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Lizard Skins DSP Race Bar Tape



Superb performance but high price tag, limited colour choice and more careful cleaning might be a deal-breaker

At every product is thoroughly tested for as long as it takes to get a proper insight into how well it works. Our reviewers are experienced cyclists that we trust to be objective. While we strive to ensure that opinions expressed are backed up by facts, reviews are by their nature an informed opinion, not a definitive verdict. We don't intentionally try to break anything (except locks) but we do try to look for weak points in any design. The overall score is not just an average of the other scores: it reflects both a product's function and value – with value determined by how a product compares with items of similar spec, quality, and price.

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Lizard Skins DSP race is the slimline version of the marques super tenacious, shock absorbent polymer based wrap aimed at racers keen to shave every last gram from their bikes without sacrificing comfort. That said; handlebar coverings like saddles and other contact points are very, very personal affairs. Having dressed the Teenage Dream's curvaceous bell-laps in the grey version and run it for some eighteen months, I've been very pleasantly surprised. By the same token, the £25 asking price, modest colour choice and more involved aftercare could prove a deal-breaker.

Available in a choice of red, white, black or grey and tipping the scales at a feathery 53g (including plugs), two hundred and eight centimetres of the rubbery textured tape will cover most bars effortlessly, entertaining bespoke double-ups which is great news for mile munching audax riders looking for neat, tidy shock absorption. Point seven of a millimetre sounds immaterial but achieving graceful, snug and even patterns is markedly easier compared with it's stockier sibling. That said, the adhesive shares the same tolerant qualities and can be un/rewound without complication when first applied. Keep some good quality electrical tape handy-you'll need this to tack the tops in place before adding the decorative finishing strips. Fancying some additional cushioning for the TD's Cinelli mini tri bars, I added the white sample but opted to leave the electrical tape to contrast.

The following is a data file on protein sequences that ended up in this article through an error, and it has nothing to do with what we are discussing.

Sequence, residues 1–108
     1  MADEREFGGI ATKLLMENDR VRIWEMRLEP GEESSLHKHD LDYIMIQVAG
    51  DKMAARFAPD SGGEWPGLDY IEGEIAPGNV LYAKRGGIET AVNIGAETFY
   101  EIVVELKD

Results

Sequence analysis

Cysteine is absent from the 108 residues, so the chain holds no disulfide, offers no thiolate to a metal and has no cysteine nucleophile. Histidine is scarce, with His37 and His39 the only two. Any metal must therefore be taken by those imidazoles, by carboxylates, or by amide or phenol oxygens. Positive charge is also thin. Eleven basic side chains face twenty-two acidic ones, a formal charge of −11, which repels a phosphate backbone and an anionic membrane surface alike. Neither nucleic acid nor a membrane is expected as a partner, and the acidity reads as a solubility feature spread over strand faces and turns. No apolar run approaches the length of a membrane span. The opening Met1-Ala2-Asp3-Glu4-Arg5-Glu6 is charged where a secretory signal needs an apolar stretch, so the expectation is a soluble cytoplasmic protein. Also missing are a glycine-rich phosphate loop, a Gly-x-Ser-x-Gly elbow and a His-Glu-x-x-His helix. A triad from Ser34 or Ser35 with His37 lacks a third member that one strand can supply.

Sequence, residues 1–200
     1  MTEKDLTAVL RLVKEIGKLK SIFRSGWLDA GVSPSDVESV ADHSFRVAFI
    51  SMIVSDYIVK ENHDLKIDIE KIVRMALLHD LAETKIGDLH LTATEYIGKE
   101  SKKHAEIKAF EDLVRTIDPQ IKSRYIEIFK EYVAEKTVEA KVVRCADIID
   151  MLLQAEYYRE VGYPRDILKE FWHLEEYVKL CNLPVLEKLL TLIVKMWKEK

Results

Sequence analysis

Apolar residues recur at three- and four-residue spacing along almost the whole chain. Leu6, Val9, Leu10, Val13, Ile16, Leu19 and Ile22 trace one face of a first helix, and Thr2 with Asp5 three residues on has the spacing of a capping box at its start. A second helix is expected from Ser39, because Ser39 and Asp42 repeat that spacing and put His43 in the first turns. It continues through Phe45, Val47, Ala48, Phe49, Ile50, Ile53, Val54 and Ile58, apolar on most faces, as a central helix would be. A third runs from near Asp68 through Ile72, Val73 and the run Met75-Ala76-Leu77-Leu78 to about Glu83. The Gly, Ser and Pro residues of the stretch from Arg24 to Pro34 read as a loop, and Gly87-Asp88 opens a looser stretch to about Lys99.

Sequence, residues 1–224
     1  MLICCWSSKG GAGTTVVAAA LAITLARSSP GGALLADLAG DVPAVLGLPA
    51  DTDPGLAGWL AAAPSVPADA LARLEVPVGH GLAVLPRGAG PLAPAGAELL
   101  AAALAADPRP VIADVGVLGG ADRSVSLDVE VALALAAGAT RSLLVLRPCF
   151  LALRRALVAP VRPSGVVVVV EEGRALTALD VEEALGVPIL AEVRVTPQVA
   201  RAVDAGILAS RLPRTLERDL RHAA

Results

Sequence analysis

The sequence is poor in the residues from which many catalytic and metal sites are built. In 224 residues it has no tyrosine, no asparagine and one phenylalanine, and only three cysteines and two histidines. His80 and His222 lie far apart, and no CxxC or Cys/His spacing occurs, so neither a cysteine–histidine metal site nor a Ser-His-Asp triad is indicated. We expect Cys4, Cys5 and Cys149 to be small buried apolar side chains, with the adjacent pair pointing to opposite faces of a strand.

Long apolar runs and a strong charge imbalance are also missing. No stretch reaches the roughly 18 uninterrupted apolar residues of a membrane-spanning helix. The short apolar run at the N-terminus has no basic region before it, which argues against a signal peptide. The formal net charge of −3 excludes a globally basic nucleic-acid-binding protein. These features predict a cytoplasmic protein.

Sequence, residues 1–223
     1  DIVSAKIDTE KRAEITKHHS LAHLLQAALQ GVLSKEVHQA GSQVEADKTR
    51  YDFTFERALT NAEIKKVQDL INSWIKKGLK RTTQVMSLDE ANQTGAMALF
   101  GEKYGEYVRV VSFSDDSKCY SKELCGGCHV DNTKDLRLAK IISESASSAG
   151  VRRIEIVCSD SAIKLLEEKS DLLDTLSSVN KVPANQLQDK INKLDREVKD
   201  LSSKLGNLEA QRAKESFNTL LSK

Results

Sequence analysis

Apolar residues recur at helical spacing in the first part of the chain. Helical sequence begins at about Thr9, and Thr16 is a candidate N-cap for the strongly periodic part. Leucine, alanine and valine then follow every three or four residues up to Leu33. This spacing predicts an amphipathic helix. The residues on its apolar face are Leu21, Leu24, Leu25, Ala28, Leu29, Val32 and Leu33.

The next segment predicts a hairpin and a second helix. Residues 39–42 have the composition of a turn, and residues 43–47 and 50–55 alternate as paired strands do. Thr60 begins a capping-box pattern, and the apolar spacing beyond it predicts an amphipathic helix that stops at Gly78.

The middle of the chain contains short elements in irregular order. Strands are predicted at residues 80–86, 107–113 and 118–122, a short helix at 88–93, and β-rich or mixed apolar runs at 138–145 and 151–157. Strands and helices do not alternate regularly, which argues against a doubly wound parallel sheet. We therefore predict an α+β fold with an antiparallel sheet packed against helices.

The rubberised texture is best described as tactile flypaper, giving a deep sense of connection with the bars whatever the elements bestow. The advantages of this are best appreciated after several hours when tiredness makes slippery coverings an unwelcome distraction and this additional security inspires confidence when tackling long, greasy descents or hammering along sharp inclines. Damping is equally impressive, although most effective when combating low-level road vibration but not cross or rough/stuff touring.

The grey still looks in great shape but the white tainted very, very quickly, showing every smudge. Some may scoff at the need for sensitive cleaning but gently wiping the grey with a warm rag dipped in citrus bike wash has retained the cosmetic and structural properties. By contrast three soapy water cleanses in as many weeks has partially consumed the tenacity of our white sample.


Superb performance but high price tag, limited colour choice and more careful cleaning might be a deal-breaker test report

Make and model: Lizard Skins DSP Race Bar Tape